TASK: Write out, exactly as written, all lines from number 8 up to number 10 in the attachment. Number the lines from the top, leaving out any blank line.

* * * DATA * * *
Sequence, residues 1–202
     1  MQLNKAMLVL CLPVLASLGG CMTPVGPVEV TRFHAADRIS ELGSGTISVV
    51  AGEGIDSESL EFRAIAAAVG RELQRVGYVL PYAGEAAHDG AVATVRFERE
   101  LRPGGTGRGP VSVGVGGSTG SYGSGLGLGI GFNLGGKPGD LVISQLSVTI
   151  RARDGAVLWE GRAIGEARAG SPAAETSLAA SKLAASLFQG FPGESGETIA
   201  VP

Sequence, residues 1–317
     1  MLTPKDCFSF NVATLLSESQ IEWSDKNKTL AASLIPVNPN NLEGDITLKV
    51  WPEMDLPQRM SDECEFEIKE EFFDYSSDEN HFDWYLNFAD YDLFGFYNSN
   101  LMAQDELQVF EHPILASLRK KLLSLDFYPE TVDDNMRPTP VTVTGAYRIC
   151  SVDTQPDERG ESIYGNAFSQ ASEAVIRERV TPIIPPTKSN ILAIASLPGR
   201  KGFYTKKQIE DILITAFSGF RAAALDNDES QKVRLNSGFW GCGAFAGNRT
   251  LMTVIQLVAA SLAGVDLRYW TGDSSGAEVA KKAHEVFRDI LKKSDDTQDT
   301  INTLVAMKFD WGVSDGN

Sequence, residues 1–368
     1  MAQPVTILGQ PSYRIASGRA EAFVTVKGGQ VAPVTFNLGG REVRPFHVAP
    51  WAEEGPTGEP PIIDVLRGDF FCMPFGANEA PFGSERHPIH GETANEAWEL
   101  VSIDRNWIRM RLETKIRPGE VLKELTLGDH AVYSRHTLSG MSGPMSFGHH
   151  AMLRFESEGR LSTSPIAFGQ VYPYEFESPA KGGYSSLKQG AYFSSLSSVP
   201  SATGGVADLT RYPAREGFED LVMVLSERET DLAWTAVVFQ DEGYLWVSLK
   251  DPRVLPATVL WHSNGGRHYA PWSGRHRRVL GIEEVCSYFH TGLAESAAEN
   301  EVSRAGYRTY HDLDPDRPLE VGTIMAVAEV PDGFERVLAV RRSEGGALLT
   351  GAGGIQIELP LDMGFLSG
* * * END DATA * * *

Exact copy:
     1  MLTPKDCFSF NVATLLSESQ IEWSDKNKTL AASLIPVNPN NLEGDITLKV
    51  WPEMDLPQRM SDECEFEIKE EFFDYSSDEN HFDWYLNFAD YDLFGFYNSN
   101  LMAQDELQVF EHPILASLRK KLLSLDFYPE TVDDNMRPTP VTVTGAYRIC